Building strong social connections is just part of a larger picture when it comes to mental wellbeing. It has been proven that having strong support may provide an individual with psychological and physiological benefits. Being able to share stress or concerns with a mental health wellbeing officer of your local club, a close family or a friend provides an opportunity for outside support and advice, which alleviates a sense of being alone in your situation.
“When we get too caught up in the busyness of the world, we lose connection with one another – and ourselves.” – Jack Kornfield, American author and Buddhist mindfulness pioneer.
Prolonged stress is a contributing factor to many of today's chronic diseases, and for an athlete can be detrimental to performance, slowed recovery, recurring infections and lowered immunity. As an athlete, you are at greater risk of these issues due to the stresses both mentally and physically of training, competition, academics and life in general.
As well as the above having a role in mental wellbeing. What we eat and drink also effects how we feel, think and behave.
One of the most under recognised factors in the development of mental wellbeing is nutrition. Friends who know me, hear me speak of this all the time. Just like the other systems of the body, the brain is an organ that requires complex carbohydrates, essential fatty acids, amino acids, vitamins, minerals and water to remain healthy and function optimally.
An integrated approach that takes into account an individual's biological factors, as well as psychological and emotional factors associated with mental health, is necessary in order to reduce the prevalence of mental health issues. In my personal option, diet is the very cornerstone of this integrated approach.
Integrated mind-body approaches to support mental wellbeing has increased dramatically recently. Evidence backed research supports associations between diet, exercise, sleep, and mindfulness in mental wellbeing.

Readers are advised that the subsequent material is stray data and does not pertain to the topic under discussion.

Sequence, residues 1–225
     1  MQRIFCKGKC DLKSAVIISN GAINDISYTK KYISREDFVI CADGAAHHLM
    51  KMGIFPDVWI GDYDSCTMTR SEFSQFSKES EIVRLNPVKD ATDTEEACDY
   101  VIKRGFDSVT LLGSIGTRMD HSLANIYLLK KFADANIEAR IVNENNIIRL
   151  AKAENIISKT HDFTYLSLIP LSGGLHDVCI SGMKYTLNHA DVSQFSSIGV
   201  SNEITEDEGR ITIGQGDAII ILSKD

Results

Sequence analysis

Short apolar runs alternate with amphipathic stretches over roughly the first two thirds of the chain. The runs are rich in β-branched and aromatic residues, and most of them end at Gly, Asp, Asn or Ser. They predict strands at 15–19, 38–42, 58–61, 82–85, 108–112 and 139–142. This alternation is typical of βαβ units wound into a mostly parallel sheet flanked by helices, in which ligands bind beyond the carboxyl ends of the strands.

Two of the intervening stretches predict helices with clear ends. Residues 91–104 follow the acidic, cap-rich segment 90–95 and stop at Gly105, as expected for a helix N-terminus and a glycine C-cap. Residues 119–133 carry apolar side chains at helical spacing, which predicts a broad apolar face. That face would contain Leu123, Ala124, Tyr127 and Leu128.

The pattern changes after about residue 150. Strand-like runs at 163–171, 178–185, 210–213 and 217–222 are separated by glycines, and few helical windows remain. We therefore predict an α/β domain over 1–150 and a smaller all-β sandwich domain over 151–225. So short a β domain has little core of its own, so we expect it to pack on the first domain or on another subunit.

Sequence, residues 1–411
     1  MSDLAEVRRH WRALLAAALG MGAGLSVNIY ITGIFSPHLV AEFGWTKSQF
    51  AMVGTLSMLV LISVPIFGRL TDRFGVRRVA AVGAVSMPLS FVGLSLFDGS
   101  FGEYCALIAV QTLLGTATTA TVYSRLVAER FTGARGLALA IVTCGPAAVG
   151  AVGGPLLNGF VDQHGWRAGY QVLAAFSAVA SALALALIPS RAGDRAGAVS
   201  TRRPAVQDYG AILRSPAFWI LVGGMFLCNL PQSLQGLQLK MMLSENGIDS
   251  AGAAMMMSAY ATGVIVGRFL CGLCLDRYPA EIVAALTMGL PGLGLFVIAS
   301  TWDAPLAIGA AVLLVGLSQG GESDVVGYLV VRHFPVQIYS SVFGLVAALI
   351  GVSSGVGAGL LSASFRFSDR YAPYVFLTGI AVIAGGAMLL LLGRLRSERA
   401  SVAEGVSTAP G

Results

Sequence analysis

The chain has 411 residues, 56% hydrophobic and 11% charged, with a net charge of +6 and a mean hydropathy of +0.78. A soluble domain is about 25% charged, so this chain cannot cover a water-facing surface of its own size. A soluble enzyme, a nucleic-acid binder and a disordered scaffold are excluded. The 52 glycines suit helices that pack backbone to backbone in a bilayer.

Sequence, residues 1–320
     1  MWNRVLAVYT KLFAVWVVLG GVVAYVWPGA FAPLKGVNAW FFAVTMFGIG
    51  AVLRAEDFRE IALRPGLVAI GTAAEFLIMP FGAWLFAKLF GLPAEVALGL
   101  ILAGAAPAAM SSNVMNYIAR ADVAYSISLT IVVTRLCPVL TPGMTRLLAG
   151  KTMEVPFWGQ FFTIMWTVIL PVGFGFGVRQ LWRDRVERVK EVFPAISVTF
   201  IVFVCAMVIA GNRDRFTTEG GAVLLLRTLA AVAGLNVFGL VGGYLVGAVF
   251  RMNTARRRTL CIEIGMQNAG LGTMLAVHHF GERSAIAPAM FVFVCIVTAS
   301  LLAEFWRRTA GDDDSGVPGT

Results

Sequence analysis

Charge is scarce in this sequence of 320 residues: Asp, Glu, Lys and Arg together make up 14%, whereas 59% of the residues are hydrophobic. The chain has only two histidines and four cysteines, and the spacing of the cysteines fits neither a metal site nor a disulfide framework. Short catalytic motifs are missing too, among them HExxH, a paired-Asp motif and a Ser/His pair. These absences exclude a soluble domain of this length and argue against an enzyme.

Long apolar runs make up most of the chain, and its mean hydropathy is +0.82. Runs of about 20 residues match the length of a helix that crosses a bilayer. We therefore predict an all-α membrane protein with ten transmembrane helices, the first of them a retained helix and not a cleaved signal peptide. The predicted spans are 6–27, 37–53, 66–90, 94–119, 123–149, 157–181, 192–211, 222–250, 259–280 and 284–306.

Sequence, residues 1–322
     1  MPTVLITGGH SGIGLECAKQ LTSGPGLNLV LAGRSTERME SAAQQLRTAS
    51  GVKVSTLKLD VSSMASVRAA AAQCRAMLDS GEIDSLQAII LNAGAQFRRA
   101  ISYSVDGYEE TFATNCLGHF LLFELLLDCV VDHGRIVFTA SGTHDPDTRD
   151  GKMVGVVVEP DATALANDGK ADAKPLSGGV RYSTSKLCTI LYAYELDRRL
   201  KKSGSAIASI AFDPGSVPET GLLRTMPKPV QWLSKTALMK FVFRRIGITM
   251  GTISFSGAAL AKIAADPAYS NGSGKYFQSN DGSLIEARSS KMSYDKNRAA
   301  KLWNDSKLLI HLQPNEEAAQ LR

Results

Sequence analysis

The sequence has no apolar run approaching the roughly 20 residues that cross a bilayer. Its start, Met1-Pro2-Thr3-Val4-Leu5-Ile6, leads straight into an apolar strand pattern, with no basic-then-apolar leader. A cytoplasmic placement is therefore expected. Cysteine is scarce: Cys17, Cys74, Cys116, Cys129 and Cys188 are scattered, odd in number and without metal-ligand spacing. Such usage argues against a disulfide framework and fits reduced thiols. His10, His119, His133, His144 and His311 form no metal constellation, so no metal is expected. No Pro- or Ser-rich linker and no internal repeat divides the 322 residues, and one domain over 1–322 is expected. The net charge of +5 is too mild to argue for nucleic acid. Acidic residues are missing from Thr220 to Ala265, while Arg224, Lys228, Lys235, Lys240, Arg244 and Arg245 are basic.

Consuming a diet that provides adequate amounts of complex carbohydrates, essential fats, amino acids, vitamins, minerals and water may help with the production of neurotransmitters involved in cognitive function and mood. Vitamins and minerals are required by all systems in the body and help perform a number of essential functions.
Individuals who experience anxiety often find that by addressing their gut health these symptoms may be alleviated. This is due to a large body of research that has clearly demonstrated that gut microbiota (the trillions of microorganisms) helps to regulate brain function via the “gut-brain axis.” When the gut microbiota becomes compromised, referred to as "dysbiosis" which simulates inflammation within the gut has been linked to mental wellbeing. Therefore it is important to reestbalish and restore microbial balance within the gut.
To nurture overall health and that of mental wellbeing it is important to eat wholesome food, avoid white and processed foods and a high sugar consumption. Being mindful of thoughts is also important, take control of any negative thoughts and have a strong social support - these are some of the best ways to help decrease stress and help promote wellbeing.
PS I warmly invite you to book in for a complementary 30-minute Health and Transformation call with me to see if a personalised nutrition and lifestyle plan may help your performance, recovery, overall health and wellbeing.